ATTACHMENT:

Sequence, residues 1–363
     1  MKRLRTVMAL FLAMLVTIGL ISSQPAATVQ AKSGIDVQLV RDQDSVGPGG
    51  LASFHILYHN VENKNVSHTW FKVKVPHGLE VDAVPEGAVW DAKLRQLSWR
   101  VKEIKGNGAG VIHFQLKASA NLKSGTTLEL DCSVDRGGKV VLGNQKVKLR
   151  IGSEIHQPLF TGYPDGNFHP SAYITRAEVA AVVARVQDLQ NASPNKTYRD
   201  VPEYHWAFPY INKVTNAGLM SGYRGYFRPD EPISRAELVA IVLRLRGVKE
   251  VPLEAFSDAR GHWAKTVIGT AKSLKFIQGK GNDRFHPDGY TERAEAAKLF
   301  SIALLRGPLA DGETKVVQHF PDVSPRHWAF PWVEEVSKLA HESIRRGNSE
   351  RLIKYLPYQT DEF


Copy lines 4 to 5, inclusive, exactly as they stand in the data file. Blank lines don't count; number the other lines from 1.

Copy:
   101  VKEIKGNGAG VIHFQLKASA NLKSGTTLEL DCSVDRGGKV VLGNQKVKLR
   151  IGSEIHQPLF TGYPDGNFHP SAYITRAEVA AVVARVQDLQ NASPNKTYRD